The left side of my jaw/face still hurts a LOT. Maybe it always will? I still can't chew on that side of my mouth because of lack of feeling in some teeth and super pain sensitivity in others (and my jaw). The neurologist says he not really surprised that I interpret most touch on the left as pain, but that we would have to "keep an eye on" that, whatever that means. My neck and shoulder (especially since my harder swimming efforts) are grumpy too.

I have surprisingly little facial paralysis. I see it plainly, but others don't notice much at all. I notice it MORE as we get farther out, as the right side strengthens and the lack on the left becomes comparatively more profound. Mostly it looks like someone has injected me with Botox around my left eye and my left lips don't really lift much when I smile, so I grin pretty lopsidedly. I used to have deep dimples. I don't think I have them on the left any more at all, on the right not very deeply any more.



I am still fighting through daily exercises and lots of therapy and medical appointments. Many relationships remain altered, some far from what they used to be, but I think maybe I am starting to find that illusive "new normal," this side of so much change? Will life ever be the same? Will I ever be the same? Will our marriage ever be the same? Will my interaction as the Mommy of my children ever be the same? Will I ever walk gracefully again? Dance? Drive a car? Play my flute? Be responsible for the education of my children? No, probably not.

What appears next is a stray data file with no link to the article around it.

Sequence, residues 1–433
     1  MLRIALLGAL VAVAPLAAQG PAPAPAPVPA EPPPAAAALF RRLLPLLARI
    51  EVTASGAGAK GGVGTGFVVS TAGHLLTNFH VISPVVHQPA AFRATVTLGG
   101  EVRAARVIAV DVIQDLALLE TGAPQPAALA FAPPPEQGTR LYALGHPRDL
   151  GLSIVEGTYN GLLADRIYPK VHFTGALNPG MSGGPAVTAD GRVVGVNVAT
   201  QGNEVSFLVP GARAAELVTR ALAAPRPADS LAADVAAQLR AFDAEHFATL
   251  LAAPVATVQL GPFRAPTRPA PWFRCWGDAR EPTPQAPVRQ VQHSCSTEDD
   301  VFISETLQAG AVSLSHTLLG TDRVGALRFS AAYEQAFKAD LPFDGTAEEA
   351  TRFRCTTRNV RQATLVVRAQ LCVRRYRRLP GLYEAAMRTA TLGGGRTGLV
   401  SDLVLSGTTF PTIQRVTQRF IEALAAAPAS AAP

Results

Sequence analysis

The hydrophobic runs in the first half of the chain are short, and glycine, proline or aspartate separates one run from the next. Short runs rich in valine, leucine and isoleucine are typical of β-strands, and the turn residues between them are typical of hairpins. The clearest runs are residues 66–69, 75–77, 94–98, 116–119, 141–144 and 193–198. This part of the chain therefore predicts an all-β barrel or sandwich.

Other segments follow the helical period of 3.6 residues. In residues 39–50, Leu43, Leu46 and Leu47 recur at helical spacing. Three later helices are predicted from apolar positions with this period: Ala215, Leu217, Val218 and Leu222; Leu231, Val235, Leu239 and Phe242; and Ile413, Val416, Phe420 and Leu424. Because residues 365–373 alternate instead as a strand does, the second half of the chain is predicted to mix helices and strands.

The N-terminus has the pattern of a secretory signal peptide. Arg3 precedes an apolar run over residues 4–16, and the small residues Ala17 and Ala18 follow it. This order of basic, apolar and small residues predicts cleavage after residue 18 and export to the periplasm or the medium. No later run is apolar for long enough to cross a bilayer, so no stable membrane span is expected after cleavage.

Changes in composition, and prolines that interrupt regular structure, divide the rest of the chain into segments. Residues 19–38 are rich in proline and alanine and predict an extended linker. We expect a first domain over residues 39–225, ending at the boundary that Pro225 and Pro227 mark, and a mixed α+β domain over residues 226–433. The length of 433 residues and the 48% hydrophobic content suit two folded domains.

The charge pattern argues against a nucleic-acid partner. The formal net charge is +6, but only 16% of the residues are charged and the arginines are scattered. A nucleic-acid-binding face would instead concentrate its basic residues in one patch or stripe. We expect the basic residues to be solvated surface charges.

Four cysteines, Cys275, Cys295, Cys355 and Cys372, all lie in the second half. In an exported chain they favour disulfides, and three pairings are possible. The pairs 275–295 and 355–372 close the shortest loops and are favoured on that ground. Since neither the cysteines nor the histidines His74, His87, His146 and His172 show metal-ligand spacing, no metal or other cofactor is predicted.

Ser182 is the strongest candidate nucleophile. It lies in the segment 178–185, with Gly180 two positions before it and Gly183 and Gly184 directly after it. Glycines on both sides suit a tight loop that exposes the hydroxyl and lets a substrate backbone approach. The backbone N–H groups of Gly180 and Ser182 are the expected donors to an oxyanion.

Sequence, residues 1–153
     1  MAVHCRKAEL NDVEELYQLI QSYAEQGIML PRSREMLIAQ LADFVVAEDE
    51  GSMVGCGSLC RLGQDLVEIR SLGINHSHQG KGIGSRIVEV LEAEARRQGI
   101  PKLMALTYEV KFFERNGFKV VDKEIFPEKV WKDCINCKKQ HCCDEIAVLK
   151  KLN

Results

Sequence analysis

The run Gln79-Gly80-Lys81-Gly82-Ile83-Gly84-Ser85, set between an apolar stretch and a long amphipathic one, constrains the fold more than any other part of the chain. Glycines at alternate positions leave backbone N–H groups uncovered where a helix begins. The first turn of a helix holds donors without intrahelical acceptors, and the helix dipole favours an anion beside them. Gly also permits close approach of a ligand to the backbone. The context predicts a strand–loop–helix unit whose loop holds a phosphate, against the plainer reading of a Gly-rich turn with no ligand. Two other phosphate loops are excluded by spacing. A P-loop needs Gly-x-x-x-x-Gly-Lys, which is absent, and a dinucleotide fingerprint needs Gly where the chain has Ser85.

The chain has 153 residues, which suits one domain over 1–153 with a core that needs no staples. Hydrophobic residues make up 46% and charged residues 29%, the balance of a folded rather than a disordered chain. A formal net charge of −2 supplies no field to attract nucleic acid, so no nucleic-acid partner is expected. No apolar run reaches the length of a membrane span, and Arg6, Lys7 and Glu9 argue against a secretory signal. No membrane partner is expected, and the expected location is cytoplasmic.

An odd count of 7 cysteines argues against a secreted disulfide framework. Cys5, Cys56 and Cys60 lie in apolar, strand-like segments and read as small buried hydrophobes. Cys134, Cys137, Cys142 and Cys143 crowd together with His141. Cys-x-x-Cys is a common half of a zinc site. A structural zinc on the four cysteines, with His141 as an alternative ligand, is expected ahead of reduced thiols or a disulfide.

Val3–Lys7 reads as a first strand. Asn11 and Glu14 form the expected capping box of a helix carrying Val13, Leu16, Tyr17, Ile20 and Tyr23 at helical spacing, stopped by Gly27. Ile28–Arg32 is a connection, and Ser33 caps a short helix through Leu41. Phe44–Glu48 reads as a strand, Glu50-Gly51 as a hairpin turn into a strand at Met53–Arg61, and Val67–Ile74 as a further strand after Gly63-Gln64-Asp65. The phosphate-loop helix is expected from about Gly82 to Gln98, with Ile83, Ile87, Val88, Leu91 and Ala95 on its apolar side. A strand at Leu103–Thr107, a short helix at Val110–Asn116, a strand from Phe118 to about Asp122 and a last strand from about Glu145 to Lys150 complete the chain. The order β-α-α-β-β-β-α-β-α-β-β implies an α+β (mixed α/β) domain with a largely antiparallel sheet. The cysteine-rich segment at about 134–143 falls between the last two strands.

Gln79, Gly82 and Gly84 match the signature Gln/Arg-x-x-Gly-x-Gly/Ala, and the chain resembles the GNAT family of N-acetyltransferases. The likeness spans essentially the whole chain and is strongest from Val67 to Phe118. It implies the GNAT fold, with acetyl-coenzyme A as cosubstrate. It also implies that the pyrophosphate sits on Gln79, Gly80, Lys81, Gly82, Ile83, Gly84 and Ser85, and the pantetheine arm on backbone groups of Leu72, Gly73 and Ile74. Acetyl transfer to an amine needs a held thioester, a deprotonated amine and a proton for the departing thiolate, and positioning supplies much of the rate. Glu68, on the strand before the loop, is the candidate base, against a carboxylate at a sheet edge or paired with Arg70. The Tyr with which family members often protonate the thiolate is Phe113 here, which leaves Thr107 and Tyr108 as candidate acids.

But I am learning new lessons, new skills. Today I was remembering how it wasn't so many months ago that I seriously thought I would probably never walk the length of our hall, unaided, again. Now I do that every day. Then, the hall seemed so terribly long, even with my walker. Now, it still seems long, but not nearly so much so, and within our home I am walker-free, often even cane-free, since I can easily grab onto walls when needed and don't have to mentally compensate for other movements around me, like I do in public.

My first puzzle, in the rehab hospital. 24 pieces and how I struggled! Last week, my 6-year-old and I snapped together a 99-piece puzzle in almost no time at all. (The 500-piece I tried with my mother-in-law at Christmas was still too much for me, but I was encouraged by the progress to do the 100-piece one with relative ease last week!)
Psalm 85:4a
Restore us again, O God our Savior...

4 comments:

  1. (( Hugs )) - admire your courage, Jenni!
    Love,
    Lynn

    ReplyDelete
  2. Oh girl, that is so encouraging. Right now my hallway is still terribly long...

    ReplyDelete
    Replies
    1. Hang in there my friend! I know it seems so hopeless, endless, discouraging right now!

      Delete